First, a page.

But wait: across the English Channel in France is Brittany, home to Amorik, one of the oldest grain distilleries in France, making their eponymous Single Malt; over to Rozelieures in Alsace Lorraine, makers of rich, smoky and complex whiskies. France is the largest consumer of blended Scotch whisky in the world and while we may know it for its wine and brandies, over 20 new grain-based distilleries have opened up dedicated to whisky making. From there you can hop over to Austria to visit Riestbauer and sample their whiskies aged in wine casks.
Need to travel further? How about to Japan, where world class whisky making has been going on since the 1920s from both Suntory and Nikka distilleries. Suntory’s Yamazaki distillery sits at the confluence of 3 rivers and next to a Shinto shrine outside of Kyoto, Japan’s most revered city. Massive and modern, its shows its reverence for tradition with the presence of its founder, Shinjiro Torii and his son Keijo Saji, honored in larger than life copper statues next to the blending museum and tasting gallery. Entering the massive still room with its 12 gleaming copper stills lined up in 2 rows like sentries for inspection, there is a stillness in the air that almost gives a sense of the sacred. Up north on the island of Hokkaido is where the “father and mother of Japanese whisky”, Masataka Taketsuru and his Scottish wife Rita, moved to start up Nikka Distillery in the small fishing village of Yoichi in the 1930s. Emulating the Scottish distilleries where he worked as a visiting apprentice (and where he met Rita), the granite-walled gathering of out- buildings looks more like a college campus than a factory. There, you can visit the living quarters of “Massan” and Rita, where their clothing still hangs in the closet, his pipe is next to the easy chair and what’s left of Rita’s plum pudding is still inside the massive ceramic crock in the kitchen. Gorgeous and idyllic in the summer, the real draw is to show up in February to catch the Snow Building Festival in nearby Sapporo. Be sure to seek out Chichibu in the mountains above Tokyo, home to the next wave of hand-crafted blending by Ichiro Acuto, the next superstar of Japanese whisky.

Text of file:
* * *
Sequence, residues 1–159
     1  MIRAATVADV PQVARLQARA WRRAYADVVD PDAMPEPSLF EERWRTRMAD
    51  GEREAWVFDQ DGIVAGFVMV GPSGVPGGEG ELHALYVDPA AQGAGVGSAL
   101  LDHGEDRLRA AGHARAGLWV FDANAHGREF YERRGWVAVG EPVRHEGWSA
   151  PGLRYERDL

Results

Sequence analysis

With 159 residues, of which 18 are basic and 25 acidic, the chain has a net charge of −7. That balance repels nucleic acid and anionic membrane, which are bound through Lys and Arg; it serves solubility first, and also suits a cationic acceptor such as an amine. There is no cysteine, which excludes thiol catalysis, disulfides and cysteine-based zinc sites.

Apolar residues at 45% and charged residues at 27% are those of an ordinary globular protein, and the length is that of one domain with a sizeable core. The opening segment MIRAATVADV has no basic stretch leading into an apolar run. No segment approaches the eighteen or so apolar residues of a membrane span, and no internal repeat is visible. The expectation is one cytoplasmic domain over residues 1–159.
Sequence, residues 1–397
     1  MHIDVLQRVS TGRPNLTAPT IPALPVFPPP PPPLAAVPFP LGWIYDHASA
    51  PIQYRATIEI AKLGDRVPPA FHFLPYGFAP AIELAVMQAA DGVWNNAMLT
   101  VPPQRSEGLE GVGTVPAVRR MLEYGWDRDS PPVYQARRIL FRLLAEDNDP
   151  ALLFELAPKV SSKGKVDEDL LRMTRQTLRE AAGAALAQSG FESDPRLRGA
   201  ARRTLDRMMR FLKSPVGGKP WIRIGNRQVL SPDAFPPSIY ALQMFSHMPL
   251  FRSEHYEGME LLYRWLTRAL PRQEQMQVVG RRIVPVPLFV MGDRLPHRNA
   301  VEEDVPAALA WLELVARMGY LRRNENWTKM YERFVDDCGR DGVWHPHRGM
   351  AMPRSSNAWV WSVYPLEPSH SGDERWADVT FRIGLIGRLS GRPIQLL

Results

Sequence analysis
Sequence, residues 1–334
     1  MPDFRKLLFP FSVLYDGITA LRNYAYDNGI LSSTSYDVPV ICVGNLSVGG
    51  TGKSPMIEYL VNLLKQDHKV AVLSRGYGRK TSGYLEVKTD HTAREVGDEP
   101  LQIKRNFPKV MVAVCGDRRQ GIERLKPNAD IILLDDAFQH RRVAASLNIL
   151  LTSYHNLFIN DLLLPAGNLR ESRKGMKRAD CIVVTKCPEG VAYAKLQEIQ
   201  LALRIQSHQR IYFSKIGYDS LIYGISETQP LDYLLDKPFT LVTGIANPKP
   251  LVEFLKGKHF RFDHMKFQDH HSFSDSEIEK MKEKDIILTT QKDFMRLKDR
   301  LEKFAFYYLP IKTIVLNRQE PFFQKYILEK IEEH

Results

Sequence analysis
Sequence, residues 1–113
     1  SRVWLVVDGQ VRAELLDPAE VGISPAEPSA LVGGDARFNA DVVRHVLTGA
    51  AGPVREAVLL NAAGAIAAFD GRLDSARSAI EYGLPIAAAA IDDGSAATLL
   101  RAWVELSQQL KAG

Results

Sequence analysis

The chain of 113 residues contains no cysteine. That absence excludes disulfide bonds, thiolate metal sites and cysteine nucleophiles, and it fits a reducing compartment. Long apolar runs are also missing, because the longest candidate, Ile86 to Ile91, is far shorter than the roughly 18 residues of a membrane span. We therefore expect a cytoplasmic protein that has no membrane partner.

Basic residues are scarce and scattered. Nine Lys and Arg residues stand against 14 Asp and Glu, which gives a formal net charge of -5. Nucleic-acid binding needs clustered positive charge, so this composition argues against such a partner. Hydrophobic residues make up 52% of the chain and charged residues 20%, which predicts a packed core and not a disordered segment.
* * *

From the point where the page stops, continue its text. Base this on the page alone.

Off to India to Goa, the tiny, tropical state on the Arabian Sea with its fine white sand beaches, where you’ll discover the Paul John Distillery cut out of the dense jungle. Making world class single malt whisky from Indian barley, their new visitor center evokes the diversity of the Indian sub-continent with a nod to its colonial past, welcoming you in colorful hospitality. A short plane trip takes you to the heart of Bangalore to the new distilling facility at Amrut, the giant alcohol maker that started India’s journey toward world-class single malt whiskies. There, pulsing to the beat of this densely populated city, you’ll see the old and new worlds of whisky coming together: the rum-based spirit that slakes the thirst of the millions of working people; and the world class single malts that have been taking home gold medal awards since 2013.
It’s a small world, and we haven’t even begun to talk about Australia and South Africa, Germany and Brussels, Wales and Sweden and Denmark. If you live near New York City, there are at least 8 in Brooklyn alone, and dozens up the Hudson River leading through the Adirondack Mountains to the Finger Lakes. Denver has a dozen within the city limits. The wine country of Northern California (the actual epicenter of the movement) grows a new distillery every few months. Texas hosts close to 100 from the panhandle to the boot. Chicago and nearby environs has around 20. From the top of Minnesota to the hills of San Diego and over to the beaches of St. Augustine, distilleries will pop up on Google maps like whack-a-mole.
And you once thought whiskey was just something you shoot past your tongue and doused with a beer. Silly you. Whiskey is an experience that ties your sense of smell and taste to what you hear and see, wraps it in a ribbon of history and plants it in your deepest thoughts. And it’s waiting there for you to encounter it, glass by glass, moment by moment.
Bon voyage, cheers, kampai and slainte mhaith!
by Robin Robinson
Author of The Complete Whiskey Course: A Comprehensive Tasting School in Ten Classes and proprietor of the Whiskey and...podcast, Robin Robinson has built small brands for most of his working life and is currently working with small spirit brands across the US as a “brand sherpa” to help them enter and endure a volatile and competitive marketplace.
As an avid traveler, it's natural to dream about future travels and reminisce about past travels while sheltering in place. A couple of months ago, I wrote about my last trip which was to Kenya. Today, I invite Susan Meyer to tell us about her last trip before COVID-19 and invite you to dream with me about traveling there someday. She explains how traveling to Cuba has become increasingly difficult over the past couple of years (even before COVID-19), but is still possible.